In a large skillet, melt butter over low to medium heat. Add the shallots, mushrooms, garlic, thyme and parsley and saute stirring the mixture often (do not let the garlic burn). After 10 – 15 minutes, slowly add the wine to the mixture and cook until liquid has reduced.  Turn off heat and season with salt and pepper to your liking. Meanwhile, arrange your mini phyllo cups on a cookie sheet. Fill each cup with a spoonful of the mushroom/shallot mixture, topping each one with a generous amount of Gruyère cheese. Bake in a preheated 400º oven for 10-15 minutes or until cheese is thoroughly melted and the phyllo has slightly browned. Serve immediately.


Perfect one bite wonders!!


1 tbsp salted butter
1 large shallot, minced
1 package crimini or baby portobella mushrooms, diced
2 cloves garlic, minced
1 tsp fresh thyme
1 tsp fresh parsley
¼ cup white wine
Salt & pepper to taste
¾ cup Gruyère cheese, shredded
2 packages frozen mini phyllo cups (total of 30 cups)

Makes 30 mini cups

Cinnamon Applesauce


One of my New Year resolutions is to make a concentrated effort to create more basics from scratch — mustard, ketchup, maybe even mayonnaise. Applesauce fits right into that category. When my kids were much younger I would make them applesauce quite often. Somewhere along the way of busy family life I stopped. Not sure why. I suppose it is just easier to buy it at the market! Well, in keeping with both my New Year’s resolution and my need for simplicity in the kitchen, I am sharing with you my version of Cinnamon Applesauce. It’s incredibly quick and easy to make and because it is fresh the flavor is amazing! Trust me, it’s so much better than store-bought. (Oh, and my mustard recipe is coming soon. Also incredibly easy to make — who knew? — and again because it is fresh the flavor is that much more robust!)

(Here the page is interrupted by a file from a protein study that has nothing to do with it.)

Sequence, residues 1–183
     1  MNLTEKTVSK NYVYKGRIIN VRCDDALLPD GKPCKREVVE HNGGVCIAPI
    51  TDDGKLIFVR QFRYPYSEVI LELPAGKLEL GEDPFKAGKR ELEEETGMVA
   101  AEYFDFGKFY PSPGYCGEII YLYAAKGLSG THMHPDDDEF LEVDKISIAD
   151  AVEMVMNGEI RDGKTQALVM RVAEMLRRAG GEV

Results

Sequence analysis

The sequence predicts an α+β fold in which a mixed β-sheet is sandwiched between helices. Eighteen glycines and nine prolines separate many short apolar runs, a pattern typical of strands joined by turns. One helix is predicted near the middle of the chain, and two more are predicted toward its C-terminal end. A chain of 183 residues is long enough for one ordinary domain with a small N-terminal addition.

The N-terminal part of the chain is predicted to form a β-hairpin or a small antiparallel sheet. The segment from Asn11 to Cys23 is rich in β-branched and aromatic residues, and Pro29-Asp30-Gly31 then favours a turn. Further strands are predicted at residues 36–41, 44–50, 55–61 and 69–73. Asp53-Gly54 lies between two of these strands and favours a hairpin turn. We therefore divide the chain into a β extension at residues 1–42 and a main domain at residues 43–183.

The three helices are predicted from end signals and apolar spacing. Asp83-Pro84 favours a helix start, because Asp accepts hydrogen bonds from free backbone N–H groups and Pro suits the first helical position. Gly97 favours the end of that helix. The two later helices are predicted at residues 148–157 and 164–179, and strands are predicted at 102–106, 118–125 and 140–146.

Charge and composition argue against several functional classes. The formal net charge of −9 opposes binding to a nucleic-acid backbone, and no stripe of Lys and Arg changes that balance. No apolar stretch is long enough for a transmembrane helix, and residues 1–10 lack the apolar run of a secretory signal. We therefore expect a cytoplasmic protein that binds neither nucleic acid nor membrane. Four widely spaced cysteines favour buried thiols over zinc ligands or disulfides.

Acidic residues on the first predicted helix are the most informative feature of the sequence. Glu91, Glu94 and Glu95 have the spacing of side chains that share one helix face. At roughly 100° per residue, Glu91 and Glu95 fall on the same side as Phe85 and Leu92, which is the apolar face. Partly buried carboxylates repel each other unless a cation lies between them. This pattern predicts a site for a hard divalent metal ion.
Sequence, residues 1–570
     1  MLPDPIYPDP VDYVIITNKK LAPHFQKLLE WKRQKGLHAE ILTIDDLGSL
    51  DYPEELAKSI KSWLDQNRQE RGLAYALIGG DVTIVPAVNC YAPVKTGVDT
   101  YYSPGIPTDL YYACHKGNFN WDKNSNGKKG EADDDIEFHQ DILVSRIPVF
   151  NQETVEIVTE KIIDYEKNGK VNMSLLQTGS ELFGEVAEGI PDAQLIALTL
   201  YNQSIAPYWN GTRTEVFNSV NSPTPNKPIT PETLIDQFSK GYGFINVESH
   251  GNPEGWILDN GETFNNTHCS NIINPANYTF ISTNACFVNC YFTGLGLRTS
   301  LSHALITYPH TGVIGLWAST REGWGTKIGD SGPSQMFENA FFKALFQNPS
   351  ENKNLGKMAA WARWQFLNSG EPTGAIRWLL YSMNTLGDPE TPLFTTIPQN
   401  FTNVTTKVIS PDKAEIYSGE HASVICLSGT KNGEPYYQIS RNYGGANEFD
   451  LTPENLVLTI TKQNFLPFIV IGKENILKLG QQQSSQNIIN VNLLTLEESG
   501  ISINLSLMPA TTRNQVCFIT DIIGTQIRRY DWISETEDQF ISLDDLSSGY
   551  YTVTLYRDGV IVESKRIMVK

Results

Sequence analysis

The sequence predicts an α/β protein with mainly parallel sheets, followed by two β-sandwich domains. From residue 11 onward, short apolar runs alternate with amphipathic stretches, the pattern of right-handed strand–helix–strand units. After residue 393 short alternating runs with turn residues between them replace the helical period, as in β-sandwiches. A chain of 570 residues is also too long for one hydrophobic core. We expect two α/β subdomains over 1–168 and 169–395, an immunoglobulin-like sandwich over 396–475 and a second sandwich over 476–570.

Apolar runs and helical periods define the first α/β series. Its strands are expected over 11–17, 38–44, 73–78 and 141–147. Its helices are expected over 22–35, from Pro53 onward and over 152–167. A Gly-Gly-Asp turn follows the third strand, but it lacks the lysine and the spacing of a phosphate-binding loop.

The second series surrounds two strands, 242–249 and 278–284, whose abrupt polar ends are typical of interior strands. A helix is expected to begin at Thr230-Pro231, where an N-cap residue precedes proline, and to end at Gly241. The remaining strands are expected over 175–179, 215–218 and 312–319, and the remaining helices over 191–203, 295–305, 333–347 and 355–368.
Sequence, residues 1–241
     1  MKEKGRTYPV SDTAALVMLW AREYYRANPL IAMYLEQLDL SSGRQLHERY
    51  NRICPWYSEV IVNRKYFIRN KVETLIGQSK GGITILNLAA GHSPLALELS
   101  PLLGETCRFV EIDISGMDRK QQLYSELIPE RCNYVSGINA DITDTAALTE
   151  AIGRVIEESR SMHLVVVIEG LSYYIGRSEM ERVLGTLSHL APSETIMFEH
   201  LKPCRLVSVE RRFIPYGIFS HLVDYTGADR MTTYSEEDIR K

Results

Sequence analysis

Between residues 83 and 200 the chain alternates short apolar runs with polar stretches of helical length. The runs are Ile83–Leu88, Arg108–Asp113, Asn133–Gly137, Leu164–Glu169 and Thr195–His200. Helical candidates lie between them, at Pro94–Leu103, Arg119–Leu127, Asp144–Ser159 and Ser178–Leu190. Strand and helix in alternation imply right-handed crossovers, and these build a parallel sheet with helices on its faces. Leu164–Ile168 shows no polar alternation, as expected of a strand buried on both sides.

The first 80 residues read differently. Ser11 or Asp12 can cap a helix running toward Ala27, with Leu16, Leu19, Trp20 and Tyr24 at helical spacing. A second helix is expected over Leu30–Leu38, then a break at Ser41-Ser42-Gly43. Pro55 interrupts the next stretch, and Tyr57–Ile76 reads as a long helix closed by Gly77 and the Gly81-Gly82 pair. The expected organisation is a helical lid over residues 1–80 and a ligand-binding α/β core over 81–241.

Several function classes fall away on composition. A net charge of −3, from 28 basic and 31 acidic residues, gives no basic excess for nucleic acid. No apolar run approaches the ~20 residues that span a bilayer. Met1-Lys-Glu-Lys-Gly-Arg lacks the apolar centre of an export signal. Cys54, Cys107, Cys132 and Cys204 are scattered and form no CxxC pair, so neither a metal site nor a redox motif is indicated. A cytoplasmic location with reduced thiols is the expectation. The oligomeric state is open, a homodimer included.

DSC_7004Have a mason jar handy to store your applesauce in the refrigerator for up to 2 weeks.

Begin by peeling, slicing and chopping 8 apples into cubes (I use Granny Smith because I love their tartness but you can use whatever kind of apple you prefer). In a large pot, add the apples, ½ cup water, 2 tablespoons brown sugar, 1 tablespoon freshly squeezed lemon juice, 1½ teaspoon cinnamon, and ¼ teaspoon nutmeg. Bring to a boil and then reduce heat for 20-30 minutes, stirring often. Your apples are ready when they are very tender (not quite mushy). Remove from heat and put in a food processor. Blend until desired consistency — some like it a little chunky, others like it totally pureed.


In our house we add applesauce to a lot of things: on top of cake instead of ice cream, along side pancakes instead of syrup. But our all time favorite is in a bowl with crunched up Oreos.
(Don’t say yuck until you try it — doesn’t look pretty but it tastes delicious!)


8 apples (whatever kind you like)
½ cup water
2 tbsp brown sugar
1 tbsp fresh lemon juice
1½ tsp cinnamon
¼ tsp nutmeg

Makes four servings.

Tomato Basil Bisque